Founding Loretto Legion member still contributing

LORETTO – A local senior who will be 90 years old in March is the only remaining founding charter member of the Loretto American Legion Auxiliary Post 748.

Kathleen Smith was recently presented with a certificate and plaque honoring her for 68 years as a member and for her service to the community.

She was born in Loretto on March 25, 1925, and except for moving from county to county for her late husband’s job, she has lived in the same house that her father, Inglebert Farabaugh, built some 60 years ago.

Her husband, Alfred Smith, who passed away in 2007, was manager of Agway’s Store and the physical plant director at Saint Francis University.

The couple moved several times over the years until Kathleen said, “Enough is enough.”

The Smiths celebrated their 60th wedding anniversary in June 2007, just before Alfred passed away in August of that year. They met at Saint Francis, where Kathleen started as the first cook at the college fraternity, and after meeting Alfred and getting married and starting a family, she then became a “full-time family cook.”

Alfred retired in 2002 because of failing health. He was also a 60-year member of the Loretto American Legion.

The couple have five children: Ann Oswalt of Punta Gorda, Fla.; Richard and David, both of Loretto; Carl of Plano, Texas, and Joyce Black of Lilly. They also have 13 grandchildren and four great-grandchildren.

During World War II, Kathleen, who was 18 years old, went to Cleveland, where she worked as many of the young people did as “Rosie the Riveter” at Fisher Aircraft for three years. Thanks to Kathleen’s great-niece, Betsy Lemme of Cresson, she now has several beautiful puzzle photographs of “Rosie the Riveter” on her walls to remind her of “those days.”

Rosie the Riveter is commonly used as a symbol of “feminism and women’s economic power.”

After that adventure, she worked at a factory in Trenton, N.J., making light bulbs, before returning home and meeting her future husband.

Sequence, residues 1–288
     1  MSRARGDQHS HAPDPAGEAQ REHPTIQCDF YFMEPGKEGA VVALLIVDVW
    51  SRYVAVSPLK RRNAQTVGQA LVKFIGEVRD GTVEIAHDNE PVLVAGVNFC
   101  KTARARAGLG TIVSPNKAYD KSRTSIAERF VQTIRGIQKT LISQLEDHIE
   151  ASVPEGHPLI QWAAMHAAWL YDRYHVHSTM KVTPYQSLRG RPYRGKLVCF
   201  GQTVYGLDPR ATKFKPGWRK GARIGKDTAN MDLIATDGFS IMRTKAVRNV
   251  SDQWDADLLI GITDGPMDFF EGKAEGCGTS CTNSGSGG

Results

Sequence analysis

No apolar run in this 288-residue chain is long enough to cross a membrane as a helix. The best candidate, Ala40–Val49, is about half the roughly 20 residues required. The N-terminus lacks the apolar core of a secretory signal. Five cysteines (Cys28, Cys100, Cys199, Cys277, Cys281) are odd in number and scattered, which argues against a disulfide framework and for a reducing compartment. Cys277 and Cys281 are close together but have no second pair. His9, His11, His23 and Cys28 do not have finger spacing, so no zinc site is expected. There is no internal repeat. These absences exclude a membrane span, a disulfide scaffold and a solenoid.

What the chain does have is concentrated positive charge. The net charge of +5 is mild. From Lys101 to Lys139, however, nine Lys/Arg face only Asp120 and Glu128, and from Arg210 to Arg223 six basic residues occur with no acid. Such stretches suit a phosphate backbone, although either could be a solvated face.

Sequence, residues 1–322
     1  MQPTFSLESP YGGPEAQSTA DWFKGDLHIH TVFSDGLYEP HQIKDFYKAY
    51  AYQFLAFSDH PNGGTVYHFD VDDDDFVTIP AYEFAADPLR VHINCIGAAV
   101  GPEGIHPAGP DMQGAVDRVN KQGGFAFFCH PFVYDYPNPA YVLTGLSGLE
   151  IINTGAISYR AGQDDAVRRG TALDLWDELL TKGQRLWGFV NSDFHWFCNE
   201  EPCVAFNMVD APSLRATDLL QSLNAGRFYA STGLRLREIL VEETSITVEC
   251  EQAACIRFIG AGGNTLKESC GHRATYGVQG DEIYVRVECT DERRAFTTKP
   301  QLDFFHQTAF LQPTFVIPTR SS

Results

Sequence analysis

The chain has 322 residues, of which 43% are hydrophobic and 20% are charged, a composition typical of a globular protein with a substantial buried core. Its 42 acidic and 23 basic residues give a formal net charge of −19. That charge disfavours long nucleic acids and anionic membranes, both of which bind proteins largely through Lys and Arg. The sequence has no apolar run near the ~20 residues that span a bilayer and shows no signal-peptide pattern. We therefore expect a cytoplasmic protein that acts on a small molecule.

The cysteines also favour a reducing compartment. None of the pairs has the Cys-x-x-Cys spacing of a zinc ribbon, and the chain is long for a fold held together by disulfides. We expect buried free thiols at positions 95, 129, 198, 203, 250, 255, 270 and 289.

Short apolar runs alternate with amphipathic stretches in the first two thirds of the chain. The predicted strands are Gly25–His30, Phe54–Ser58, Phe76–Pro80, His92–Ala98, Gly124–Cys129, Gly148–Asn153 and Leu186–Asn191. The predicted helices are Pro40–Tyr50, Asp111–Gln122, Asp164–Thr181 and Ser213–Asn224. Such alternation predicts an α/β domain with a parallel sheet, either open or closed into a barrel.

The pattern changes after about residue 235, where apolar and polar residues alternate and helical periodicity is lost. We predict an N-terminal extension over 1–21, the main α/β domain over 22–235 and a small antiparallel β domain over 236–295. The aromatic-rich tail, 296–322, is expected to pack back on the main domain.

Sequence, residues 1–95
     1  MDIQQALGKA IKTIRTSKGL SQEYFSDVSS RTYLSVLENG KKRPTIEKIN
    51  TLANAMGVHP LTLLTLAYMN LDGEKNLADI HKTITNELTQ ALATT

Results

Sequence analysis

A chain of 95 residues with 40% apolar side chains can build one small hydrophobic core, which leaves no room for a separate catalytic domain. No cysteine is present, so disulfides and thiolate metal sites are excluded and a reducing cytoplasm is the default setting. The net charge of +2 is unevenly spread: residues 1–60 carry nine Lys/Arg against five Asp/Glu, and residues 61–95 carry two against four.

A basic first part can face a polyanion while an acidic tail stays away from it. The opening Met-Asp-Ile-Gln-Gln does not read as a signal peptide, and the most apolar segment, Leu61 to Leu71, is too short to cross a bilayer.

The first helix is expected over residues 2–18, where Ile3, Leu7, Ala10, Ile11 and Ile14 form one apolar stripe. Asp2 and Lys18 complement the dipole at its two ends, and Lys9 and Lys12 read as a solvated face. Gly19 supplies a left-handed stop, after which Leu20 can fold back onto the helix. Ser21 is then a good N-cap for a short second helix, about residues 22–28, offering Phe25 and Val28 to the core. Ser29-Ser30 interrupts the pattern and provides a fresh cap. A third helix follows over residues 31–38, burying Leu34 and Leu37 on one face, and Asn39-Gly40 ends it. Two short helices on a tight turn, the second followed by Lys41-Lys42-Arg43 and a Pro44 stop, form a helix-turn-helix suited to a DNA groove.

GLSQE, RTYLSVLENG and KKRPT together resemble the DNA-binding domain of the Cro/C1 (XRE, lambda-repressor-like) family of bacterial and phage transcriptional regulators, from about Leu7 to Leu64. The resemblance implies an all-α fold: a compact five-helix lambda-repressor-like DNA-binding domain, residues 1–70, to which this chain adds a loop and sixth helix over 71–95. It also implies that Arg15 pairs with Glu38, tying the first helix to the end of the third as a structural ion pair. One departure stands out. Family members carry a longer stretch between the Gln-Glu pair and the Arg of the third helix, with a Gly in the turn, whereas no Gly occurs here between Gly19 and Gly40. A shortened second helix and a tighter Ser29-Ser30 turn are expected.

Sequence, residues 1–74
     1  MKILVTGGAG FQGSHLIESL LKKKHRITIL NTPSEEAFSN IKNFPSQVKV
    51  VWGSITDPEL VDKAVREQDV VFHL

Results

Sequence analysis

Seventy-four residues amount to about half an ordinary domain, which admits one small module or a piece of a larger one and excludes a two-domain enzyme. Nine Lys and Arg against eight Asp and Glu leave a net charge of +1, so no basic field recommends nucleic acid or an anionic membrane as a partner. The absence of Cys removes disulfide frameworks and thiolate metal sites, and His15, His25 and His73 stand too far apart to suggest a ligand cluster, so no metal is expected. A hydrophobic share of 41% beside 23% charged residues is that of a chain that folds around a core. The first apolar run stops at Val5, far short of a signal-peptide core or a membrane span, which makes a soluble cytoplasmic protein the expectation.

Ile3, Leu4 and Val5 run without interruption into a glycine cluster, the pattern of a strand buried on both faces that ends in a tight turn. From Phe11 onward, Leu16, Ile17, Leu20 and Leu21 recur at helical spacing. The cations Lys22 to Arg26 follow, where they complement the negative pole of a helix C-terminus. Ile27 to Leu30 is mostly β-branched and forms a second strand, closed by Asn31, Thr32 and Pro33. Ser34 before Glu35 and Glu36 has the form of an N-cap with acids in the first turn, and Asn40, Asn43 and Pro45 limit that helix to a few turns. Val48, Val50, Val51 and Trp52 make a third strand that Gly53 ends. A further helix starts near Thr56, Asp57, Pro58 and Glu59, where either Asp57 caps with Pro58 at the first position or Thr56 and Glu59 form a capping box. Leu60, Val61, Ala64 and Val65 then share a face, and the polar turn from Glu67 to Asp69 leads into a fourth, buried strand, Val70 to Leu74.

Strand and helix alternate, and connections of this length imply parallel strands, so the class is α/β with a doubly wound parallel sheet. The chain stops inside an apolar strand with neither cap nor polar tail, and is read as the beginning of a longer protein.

Smith said the American Legion Auxiliary has been an important part of her life, especially when her grandson, Cody Black, won the essay contest in 2012 on Americanism. The award he received helped a lot with his college expenses, Smith said.

She pointed out that the programs done by the auxiliary for the veterans are most rewarding.

In her lifetime, Smith has donated five gallons of blood, helped out at funerals by making coffee and assisted with fundraising breakfasts for the Firemen’s Auxiliary.

Her daughter, Joyce Black, said she “is amazed by what Mom can do at her age, and even more amazed that she would just take off at 18 and be “Rosie the Riveter.”

Smith has hand-stitched and embroidered more than 25 quilts and loves to work in the garden, where she still grows her vegetables for her “famous” vegetable soup, and still sends her chili relish to relatives in Florida, along with her special cinnamon rolls.

“Each one of our aunts,” Black said, “is noted for something special. Mom is a very independent woman, and she has passed that on to her children.”

Another sister, Ann Oswalt, who lives in Florida, said that each one of their aunts had a special mission in their lives. Aunt Rita Hoover of Loretto was “our doctor, and we wouldn’t even go to a hospital without seeing Aunt Rita first.

“We received sympathy when necessary from Aunt Helen Biller (of Loretto), and Aunt Frances Jones (of Ebensburg) was our family beautician,” Oswalt said. “Aunt Del Rosa Struss (of Patton) was our seamstress and Aunt Flo Farabaugh (of Loretto) was our babysitter.”

Oswalt also recalled how her mom handed out sugar and gasoline coupons during the war and how she would go to the tower in Loretto and give a report to authorities in Washington, D.C. on what kinds of airplanes were flying overhead.

“Mom also purchases Christmas cards every year and sends them overseas to our soldiers,” Oswalt said.